Things in Iot You Need to Know This Week: February 20 to 24Things in Iot You Need to Know This Week: February 20 to 24
Anyone who never really got over Chucky had their fears vindicated this week as German authorities said Nein! to a doll that got a little too creepy.
February 23, 2017
Regulators banned the My Friend Cayla doll over concerns that it violated consumer privacy and posed a security risk to children. Meanwhile, researchers at MIT are working on a self-driving wheelchair, a historian ponders the future of individualism in the face of technological innovation, Indiana vies for IoT supremacy, while Visa and IBM want to bring the cash register to you (and every device you own).
This week, regulators in Germany sought to protect the country’s children from a new menace—a talking doll, named Cayla. The IoT-connected toy, which stirred controversy last year over security and privacy concerns, was labeled an espionage device by the German government and banned under federal law, prohibiting both sale and possession of such devices (on penalty of a 25,000 euro fine). The primary complaint against the toy is that while it looks like any other doll, it records and transmits everything it hears to U.S-based voice-recognition company Nuance, without sufficiently warning consumers. Additionally, regulators cited the toy’s vulnerability to hacking by third parties as a risk to child safety.
Self-driving cars have been making waves for a while now, but few media outlets have focused on ways that autonomous navigation has the potential to improve the lives of people with limited mobility. Researchers at MIT are trying to change that, seeking to leverage the tech that allows autonomous cars to navigate an environment and adapt to obstacles and apply it on a smaller scale—namely, wheelchairs. The project is still in a development stage, but the team believes that eventually it could lend a greater degree of mobility to those who now rely on others to get around.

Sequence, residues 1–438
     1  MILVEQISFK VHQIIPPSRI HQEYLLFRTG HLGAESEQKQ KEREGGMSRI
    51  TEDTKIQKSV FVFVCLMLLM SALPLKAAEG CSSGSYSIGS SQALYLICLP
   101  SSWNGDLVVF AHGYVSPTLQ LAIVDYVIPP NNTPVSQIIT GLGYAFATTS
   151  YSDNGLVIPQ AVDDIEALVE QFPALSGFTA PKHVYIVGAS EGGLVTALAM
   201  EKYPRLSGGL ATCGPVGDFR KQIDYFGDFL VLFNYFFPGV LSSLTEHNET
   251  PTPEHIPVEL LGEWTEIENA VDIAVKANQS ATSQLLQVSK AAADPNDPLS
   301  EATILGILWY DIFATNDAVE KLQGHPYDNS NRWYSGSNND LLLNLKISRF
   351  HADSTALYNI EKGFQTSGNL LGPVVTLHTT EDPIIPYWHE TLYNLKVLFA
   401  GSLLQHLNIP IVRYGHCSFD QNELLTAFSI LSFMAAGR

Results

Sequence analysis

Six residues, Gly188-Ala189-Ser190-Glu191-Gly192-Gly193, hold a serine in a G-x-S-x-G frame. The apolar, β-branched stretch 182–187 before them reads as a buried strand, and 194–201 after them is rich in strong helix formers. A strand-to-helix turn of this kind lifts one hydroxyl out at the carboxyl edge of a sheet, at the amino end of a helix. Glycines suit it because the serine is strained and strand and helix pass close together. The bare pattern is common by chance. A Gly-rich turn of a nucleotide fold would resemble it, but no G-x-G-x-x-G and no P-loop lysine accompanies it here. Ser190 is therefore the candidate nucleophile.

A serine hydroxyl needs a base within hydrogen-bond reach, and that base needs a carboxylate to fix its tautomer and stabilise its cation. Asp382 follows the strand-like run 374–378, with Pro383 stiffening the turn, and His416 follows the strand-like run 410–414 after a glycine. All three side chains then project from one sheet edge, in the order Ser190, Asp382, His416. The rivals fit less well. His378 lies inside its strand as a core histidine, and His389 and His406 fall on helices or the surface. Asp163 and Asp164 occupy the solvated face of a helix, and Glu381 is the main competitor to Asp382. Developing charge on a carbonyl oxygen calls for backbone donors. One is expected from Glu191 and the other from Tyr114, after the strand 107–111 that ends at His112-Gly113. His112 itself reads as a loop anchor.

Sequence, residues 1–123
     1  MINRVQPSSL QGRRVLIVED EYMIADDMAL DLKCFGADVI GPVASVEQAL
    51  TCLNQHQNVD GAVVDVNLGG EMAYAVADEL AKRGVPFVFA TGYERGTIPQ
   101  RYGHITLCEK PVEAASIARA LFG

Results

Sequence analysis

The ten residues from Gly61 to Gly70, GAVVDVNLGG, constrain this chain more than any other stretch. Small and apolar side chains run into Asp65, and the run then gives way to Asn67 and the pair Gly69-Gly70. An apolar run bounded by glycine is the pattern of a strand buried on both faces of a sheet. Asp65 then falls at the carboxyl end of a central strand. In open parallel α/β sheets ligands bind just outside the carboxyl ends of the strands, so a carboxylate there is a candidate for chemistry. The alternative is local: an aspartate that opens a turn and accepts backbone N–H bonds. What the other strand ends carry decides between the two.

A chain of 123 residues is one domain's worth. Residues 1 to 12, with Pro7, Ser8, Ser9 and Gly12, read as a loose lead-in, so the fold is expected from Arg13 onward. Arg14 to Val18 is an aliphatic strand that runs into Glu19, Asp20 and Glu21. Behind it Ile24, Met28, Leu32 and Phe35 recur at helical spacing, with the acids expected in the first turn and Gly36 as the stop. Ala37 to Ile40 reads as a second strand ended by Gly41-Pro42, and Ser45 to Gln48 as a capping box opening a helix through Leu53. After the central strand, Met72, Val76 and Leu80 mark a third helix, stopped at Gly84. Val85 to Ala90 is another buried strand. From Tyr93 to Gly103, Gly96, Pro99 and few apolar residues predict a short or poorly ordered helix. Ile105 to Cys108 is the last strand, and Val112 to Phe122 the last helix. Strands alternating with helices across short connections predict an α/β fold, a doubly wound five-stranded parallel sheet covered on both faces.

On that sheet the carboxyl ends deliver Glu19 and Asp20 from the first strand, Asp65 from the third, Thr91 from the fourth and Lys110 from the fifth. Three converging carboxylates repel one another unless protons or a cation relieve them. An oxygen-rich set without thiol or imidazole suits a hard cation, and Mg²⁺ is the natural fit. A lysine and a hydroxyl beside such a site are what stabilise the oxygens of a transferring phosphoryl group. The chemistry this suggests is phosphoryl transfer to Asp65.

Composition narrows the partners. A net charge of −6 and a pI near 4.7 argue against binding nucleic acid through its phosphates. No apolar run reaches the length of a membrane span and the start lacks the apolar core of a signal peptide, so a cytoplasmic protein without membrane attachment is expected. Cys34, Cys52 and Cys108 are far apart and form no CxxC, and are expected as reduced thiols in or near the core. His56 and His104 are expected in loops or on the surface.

Note: IoT security is a key item on the agenda at Internet of Things World in Santa Clara this May. Check out the speakers, preview the agenda, claim your free expo pass or book your place at the conference for the world’s biggest IoT event now.
If an app tells you what products to buy, what food to eat, to turn right instead of left are you still in charge of your identity? Are you still human? In this thought-provoking interview with the Atlantic, historian Yuval Harari grapples with the question of what it means to be human as technological advances in artificial intelligence, virtual and augmented reality, and mass data collection influence how people work, make decisions, and interact with the world. Most interesting (at least, for the IoT-minded among us) is the question of how to reconcile the quest for happiness and greater efficiency through technology with the preservation of individual identity and autonomy. Questions like these have been the subject of popular entertainment for decades (from Brave New World to Wall-e), but they’re especially relevant today as we rely increasingly on tech that gets more sophisticated by the day.
Fishers, Indiana could be America’s next IoT hub—if the town’s mayor and the state’s governor have their way. This week the pair announced a private-public partnership to establish Indiana’s first IoT Lab in the Indianapolis suburb. Due to open later this year, the lab will feature maker spaces, development labs, and testing facilities both for member organizations as well as local companies. Investment in Tech is a centerpiece of the governor’s legislative agenda, and notes that Indiana’s economy relies on agriculture, manufacturing, and transportation—all industries primed for IoT disruption.
Have you ever wished you could pay for gas from your car, or milk from you refrigerator? If you find yourself wishing there were more devices that could take your money in exchange for stuff, today is your lucky day. A new partnership between Visa and IBM’s Watson aims to make it simpler for users of Watson’s IoT platform to easily incorporate a point-of-sale into their designs, rather than designing their own payment system. In promoting the partnership, the companies hailed the endeavor as a turning point for commerce.
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